Security researchers celebrated the 4th of July by swamping the US Department of Defense’s new bug bounty competition, forcing it to shut hours after launch – then reopen today.
The DoD bug bounty “Hack U.S” challenge, administered by HackerOne and the DoD’s DC3 Vulnerability Disclosure Program, promised $110,000 in bounties and bonuses for vulns reported between 4 and 11 July. The contest would pay out $1,000 for a critical vulnerability and $500 for a high (capped at $75,000 in total), as well as 10 $3,000 bonuses for best find across different DoD domains, and a $5,000 bonus for best overall find.
A full list of valid web targets is available on Github – non-web vulnerabilities will also be considered.
Submissions to the DoD bug bounty contest opened at 10am Eastern US time, and were scheduled to be open until 11 July. But DC3 closed submissions within just a few hours, apparently after the VDP was overwhelmed by vulnerabilities.
An update on the Hack U.S. page said: “At ease, soldiers! The findings have been outstanding out of the gate, and we’ll need some time to review the reports. We’ll be pausing submissions and should have an update on our next move later today. Thank you for your interest and participation!”
After another update in the early hours of the morning, the DoD bug bounty competition said it would reopen for submissions at 10am Eastern US time today. This suggests despite the large number of submissions, the prize pot has not yet been exhausted (although the competition’s T&Cs make it clear it’s your tough luck if you submit too late for a prize).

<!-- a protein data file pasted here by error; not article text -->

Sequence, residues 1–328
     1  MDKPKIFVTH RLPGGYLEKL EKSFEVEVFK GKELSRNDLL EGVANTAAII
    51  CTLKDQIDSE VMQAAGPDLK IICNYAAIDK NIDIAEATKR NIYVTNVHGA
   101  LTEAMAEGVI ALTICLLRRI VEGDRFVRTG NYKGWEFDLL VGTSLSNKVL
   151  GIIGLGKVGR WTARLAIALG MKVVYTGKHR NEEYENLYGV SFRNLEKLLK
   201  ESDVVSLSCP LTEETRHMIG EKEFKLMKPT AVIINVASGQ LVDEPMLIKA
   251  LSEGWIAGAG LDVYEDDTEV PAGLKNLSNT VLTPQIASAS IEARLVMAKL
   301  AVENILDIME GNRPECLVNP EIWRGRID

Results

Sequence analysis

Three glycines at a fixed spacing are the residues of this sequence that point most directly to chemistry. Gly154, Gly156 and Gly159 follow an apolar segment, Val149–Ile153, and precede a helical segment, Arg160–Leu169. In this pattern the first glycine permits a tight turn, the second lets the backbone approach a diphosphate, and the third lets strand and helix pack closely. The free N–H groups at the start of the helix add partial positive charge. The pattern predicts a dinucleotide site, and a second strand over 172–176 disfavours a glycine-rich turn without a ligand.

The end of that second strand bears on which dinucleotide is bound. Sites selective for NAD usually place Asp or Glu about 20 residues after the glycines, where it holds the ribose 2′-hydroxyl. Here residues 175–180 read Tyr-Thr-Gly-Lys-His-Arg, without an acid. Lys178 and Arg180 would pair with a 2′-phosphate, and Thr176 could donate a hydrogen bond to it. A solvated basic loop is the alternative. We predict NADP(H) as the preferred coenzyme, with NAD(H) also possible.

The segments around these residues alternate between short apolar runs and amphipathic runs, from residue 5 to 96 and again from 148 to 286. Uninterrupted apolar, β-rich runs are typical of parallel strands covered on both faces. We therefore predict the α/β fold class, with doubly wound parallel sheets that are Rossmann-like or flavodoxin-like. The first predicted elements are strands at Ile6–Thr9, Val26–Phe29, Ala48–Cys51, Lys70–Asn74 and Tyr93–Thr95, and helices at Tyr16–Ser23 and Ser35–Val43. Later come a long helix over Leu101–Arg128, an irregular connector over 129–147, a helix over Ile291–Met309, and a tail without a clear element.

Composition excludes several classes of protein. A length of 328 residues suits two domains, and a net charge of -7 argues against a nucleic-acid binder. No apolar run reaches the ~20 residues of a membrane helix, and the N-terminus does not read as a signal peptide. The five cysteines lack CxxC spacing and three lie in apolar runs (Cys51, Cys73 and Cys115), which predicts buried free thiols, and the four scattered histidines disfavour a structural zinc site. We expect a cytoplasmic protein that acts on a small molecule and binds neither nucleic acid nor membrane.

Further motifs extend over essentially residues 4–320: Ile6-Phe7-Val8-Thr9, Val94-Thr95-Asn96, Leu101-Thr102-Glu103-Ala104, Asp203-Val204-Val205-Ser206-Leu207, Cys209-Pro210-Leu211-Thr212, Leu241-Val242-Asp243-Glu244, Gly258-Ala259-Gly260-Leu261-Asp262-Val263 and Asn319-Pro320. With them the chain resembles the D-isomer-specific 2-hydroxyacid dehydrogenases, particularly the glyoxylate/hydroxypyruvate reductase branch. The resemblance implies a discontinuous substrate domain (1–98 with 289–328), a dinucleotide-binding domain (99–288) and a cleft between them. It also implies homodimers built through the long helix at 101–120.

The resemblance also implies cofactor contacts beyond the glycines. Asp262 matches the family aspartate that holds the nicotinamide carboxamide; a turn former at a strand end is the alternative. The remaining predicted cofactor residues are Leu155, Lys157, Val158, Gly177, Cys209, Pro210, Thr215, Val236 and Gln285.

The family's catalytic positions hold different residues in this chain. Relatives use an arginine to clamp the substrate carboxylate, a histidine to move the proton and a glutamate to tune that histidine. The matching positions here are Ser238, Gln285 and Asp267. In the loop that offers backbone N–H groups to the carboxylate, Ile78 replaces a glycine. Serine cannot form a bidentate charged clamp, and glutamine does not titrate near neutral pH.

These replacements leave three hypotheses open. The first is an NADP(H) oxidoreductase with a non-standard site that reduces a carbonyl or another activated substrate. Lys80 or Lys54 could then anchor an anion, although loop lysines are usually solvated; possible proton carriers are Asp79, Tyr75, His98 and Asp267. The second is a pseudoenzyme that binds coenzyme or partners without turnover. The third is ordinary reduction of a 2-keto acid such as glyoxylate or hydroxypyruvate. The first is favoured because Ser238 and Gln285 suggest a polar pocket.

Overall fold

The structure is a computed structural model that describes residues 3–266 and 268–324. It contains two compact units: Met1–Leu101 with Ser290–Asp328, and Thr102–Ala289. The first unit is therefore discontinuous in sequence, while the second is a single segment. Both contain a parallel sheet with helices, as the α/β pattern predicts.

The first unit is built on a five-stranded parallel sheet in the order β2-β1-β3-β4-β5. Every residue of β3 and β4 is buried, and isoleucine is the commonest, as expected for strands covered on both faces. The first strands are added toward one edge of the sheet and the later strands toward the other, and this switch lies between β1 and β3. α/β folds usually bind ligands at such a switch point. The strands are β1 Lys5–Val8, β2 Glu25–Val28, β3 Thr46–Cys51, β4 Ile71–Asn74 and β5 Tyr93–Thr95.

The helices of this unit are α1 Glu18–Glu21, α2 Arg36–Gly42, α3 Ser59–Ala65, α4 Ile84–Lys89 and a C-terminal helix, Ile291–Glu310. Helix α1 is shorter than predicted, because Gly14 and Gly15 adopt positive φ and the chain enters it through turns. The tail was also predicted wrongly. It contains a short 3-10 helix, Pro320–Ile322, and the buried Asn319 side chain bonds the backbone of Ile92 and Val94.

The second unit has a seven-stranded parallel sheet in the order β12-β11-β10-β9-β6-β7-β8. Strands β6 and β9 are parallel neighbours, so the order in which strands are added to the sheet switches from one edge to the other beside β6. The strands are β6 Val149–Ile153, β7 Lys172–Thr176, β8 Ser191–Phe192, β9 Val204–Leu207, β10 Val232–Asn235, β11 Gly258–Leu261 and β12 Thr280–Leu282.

The 18 Hack U.S. participants thanked by the contest had earned a total of 856 reputation points at time of writing (this number is changing, presumably as more submissions are evaluated). HackerOne’s reputation system awards a maximum 7 points for a “triaged or resolved” report, with 2 points for a duplicate report, and negative points for some other submissions.
Based on this, The Stack’s back-of-the-envelope calculations suggest valid submissions are well into double digits, and could be approaching 100.
(The theoretical maximum based on these numbers is 122, but this assumes no duplicates – if the majority of reports are duplicates, then the number of unique vulnerabilities reported could be much lower. But even assuming each vulnerability was reported three times, that would still suggest submissions of around 77 unique vulns).
DoD bug bounty payouts still possible
As Hack U.S. will only pay out prizes for critical or high vulnerabilities, with nothing for medium and low, there’s likely still a way to go. Even assuming a catastrophic 25 critical vulnerabilities were reported, that would still allow for 100 high vulns to receive DoD bug bounty payouts.
But based on the enthusiasm shown by security researchers, we would be surprised if the competition lasts the full seven days.
HackerOne declined to comment on the DoD bug bounty competition, but said more information will be available “in the coming weeks”.